punk

“I’m not invisible, I’m not invisible…”

EDITED_punkart01

So I got around to scanning and touching this up a little bit. It’s not for anyone or anything, just something I worked on last week because I felt like it. I like the way it came out digitally, the foreground stuff’s not great (I really feel like I rushed there), but overall I’m actually proud of it.

I was never really that interested in combining cartooning with my other big life influence (punk rock and hardcore) too much for some reason, although I don’t know why. My ‘zine work has been minimal at best and limited mostly to writing, I never drew fliers (though I didn’t really start drawing until I was “out of the scene” at one point or whatever), so doing this piece and working on something else with a friend of mine (possibly a zine/minicomic thing) has me definitely thinking about the ways that the two overlap.

In case you can’t tell, I overthink a lot.

Trevor Kelley on Fugazi

I found this on Tumblr through Norman Brannon and already shared it there, but I just had to mention it again because in a way, it not only encapsulates what I love about Fugazi, but it also the kind of music journalism I love.  It’s not only structurally amazing from a writing standpoint, but also maintains the passion for music that is missing a lot of times.

Kelley makes a really valid point about the band, about the Internet, and about promotional machines.

This presents an interesting question and the reason I decided to write about Fugazi today: In an age when it has become mindbogglingly easy to not only release, but also record and distribute your music independently, who is their modern day equivelant? Who is the truly independent torchbearer of this century and decade?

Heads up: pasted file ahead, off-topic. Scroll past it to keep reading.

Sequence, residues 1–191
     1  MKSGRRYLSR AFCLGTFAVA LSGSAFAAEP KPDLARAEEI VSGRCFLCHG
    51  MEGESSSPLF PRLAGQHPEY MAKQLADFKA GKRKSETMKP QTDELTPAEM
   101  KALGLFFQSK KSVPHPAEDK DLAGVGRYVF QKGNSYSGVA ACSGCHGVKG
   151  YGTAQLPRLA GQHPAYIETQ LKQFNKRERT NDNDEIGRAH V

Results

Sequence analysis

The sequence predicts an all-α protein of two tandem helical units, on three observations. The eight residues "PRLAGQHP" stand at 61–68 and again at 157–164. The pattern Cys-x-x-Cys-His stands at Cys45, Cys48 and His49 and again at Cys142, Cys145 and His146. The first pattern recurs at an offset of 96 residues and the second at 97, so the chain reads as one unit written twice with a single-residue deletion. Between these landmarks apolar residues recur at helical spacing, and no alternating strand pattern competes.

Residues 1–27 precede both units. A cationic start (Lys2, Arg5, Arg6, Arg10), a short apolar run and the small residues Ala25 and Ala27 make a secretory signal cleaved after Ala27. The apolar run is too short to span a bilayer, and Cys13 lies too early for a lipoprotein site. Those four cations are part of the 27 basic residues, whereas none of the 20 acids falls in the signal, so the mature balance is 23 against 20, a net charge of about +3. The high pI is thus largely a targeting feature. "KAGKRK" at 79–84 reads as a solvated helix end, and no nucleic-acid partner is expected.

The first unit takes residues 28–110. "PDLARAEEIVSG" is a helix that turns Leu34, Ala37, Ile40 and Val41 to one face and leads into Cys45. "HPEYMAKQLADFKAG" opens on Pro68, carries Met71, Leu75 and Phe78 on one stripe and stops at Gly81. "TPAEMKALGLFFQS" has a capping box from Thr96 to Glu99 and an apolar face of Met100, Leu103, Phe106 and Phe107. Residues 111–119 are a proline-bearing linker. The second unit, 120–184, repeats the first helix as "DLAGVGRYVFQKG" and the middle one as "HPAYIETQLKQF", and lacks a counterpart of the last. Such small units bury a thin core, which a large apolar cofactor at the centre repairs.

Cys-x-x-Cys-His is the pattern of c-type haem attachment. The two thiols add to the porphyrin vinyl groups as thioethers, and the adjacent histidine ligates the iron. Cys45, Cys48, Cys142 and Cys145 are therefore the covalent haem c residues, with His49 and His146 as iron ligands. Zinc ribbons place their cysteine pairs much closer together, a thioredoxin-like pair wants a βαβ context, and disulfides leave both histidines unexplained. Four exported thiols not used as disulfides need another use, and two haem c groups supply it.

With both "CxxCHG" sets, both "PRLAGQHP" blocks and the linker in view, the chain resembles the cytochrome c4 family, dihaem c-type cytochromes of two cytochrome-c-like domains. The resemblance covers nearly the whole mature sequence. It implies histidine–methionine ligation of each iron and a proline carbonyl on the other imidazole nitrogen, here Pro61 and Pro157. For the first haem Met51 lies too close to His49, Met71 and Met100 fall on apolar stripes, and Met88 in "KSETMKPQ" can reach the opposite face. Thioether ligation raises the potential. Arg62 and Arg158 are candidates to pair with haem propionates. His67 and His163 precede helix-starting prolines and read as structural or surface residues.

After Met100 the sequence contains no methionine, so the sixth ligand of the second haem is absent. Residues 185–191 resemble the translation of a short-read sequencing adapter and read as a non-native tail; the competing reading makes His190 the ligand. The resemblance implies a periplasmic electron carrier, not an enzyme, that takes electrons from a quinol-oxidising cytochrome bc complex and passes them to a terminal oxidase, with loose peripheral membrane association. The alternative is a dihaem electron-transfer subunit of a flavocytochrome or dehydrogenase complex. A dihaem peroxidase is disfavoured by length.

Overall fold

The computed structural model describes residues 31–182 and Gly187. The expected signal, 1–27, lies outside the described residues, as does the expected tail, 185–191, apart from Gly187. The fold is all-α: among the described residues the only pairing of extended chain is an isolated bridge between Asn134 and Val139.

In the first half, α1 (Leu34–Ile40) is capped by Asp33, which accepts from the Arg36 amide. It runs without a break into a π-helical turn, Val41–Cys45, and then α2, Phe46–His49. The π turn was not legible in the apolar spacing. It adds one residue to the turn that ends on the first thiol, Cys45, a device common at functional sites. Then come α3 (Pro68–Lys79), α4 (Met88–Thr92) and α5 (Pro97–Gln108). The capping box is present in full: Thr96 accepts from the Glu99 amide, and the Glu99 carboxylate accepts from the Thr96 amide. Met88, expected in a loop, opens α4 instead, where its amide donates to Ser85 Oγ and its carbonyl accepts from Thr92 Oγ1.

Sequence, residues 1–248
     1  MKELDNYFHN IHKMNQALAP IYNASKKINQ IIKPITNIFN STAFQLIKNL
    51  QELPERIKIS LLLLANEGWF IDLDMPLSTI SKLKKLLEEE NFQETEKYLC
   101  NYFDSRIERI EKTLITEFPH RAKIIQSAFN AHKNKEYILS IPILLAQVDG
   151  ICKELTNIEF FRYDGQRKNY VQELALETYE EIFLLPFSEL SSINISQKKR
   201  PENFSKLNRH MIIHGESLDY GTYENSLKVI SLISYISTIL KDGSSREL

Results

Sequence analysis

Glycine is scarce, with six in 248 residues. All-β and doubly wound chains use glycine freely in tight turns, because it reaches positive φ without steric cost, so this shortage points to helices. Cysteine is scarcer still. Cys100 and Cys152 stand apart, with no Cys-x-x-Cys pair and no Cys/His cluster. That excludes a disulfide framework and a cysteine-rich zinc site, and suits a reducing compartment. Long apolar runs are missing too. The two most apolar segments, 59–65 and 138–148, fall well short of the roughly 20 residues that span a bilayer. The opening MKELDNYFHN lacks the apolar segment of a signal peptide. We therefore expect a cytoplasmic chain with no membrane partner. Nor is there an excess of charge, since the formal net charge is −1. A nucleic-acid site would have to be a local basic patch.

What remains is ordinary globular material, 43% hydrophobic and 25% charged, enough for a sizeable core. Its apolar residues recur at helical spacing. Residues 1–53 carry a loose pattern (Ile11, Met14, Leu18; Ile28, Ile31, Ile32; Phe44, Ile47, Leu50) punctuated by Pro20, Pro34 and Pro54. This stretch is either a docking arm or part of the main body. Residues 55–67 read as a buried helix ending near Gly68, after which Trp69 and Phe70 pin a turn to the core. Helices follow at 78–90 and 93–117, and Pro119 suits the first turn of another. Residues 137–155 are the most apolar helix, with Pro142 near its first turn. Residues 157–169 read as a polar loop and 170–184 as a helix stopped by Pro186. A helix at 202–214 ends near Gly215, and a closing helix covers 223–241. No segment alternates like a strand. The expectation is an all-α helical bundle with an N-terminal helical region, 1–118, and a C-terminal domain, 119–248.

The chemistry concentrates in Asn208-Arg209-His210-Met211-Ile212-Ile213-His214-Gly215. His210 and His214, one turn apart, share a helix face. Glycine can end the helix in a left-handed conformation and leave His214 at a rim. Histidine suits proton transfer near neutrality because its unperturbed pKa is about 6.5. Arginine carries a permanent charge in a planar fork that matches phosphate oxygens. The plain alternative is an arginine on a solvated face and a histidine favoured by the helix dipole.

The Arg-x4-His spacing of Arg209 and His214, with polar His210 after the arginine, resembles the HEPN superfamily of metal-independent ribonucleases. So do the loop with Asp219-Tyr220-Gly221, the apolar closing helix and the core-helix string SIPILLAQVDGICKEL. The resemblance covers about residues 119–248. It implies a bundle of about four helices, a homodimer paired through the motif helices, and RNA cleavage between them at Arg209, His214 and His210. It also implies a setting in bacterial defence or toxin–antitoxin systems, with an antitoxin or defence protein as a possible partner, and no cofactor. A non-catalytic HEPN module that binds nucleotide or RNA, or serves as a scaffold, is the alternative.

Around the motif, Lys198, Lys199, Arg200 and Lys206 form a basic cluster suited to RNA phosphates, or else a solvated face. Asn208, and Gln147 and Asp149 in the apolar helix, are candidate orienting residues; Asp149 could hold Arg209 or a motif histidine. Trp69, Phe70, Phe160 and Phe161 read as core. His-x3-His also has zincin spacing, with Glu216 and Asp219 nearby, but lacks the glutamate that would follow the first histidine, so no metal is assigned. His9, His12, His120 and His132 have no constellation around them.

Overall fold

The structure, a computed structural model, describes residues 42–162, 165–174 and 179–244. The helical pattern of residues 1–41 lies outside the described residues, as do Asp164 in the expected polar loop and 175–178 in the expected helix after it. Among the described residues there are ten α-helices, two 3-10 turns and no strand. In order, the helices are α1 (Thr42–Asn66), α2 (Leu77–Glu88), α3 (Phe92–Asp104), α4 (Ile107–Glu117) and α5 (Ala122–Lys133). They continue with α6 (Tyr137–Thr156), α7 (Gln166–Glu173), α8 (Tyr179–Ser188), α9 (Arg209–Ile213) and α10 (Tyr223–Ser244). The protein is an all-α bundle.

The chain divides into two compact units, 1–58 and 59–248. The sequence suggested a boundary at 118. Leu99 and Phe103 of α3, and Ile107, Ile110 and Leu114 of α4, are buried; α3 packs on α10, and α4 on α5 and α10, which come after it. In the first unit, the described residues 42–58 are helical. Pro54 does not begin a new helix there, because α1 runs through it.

If you say The Arcade Fire you aren’t trying very hard. You are also wrong: The Arcade Fire pay Radiohead’s publicist three grand a month to promote them. They have people actively work them at radio. They have a team behind them.

Fugazi did not. They didn’t have a manager. They didn’t have a publicist. There’s not a fucking marketing department at Dischord. You would think that, in an era where the Internet can instantaneously raise a band’s profile organically, you would be able to apply countless answers to this question.

But the fact that you’re struggling to find an answer right now illustrates just how special of a band they actually were.

This sort of realization, a plain fact and practice that spun out of the world Fugazi were in, and the fact that it’s impossible to ever recapture as a movement again, is not only why I love Fugazi, but why it’s so hard for me to latch onto bands and movements since then.

It’s not to say that I don’t love music that came since then.  Far from it.  I have a tattoo on my arm from another punk band, a logo/lyric combo that seriously touches my soul and all that jazz, from a band that came since then.  It’s just that it’s really hard to get inspired by any sort of music “movement” since Dischord’s Revolution Summer era. Fugazi are like Bill Watterson and William Gibson, forces that inspire me to no end and are in leagues of their own.

And this little essay perfectly encapsulates why.

Submission guidelines and stuff

I’m trying to both make my days more productive and streamline my workload, so I ended up writing up a set of submission guidelines for bands and comic-ers sending me stuff to review over at FISTFIGHT AT THE ARTHOUSE.

In a small part, it’s also inspired by a few too many really vague emails from bands and promo guys/companies asking me to go to iTunes or whatever.

Anyway, here it is, it’ll probably get occasionally be updated as time goes on.

updatings

Here’s what I’ve been up to;

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- I have a bunch of record reviews up at Fistfight At The Arthouse

- Also head over there to get a rundown of my Halloween

- Tessa and I launched Mayhem & Cuddles this weekend

- I just saw some amazing art from Mike for The Underground

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OK, back to drinking lots of coffee and tea and reading Calvin & Hobbes and editing and whatnot.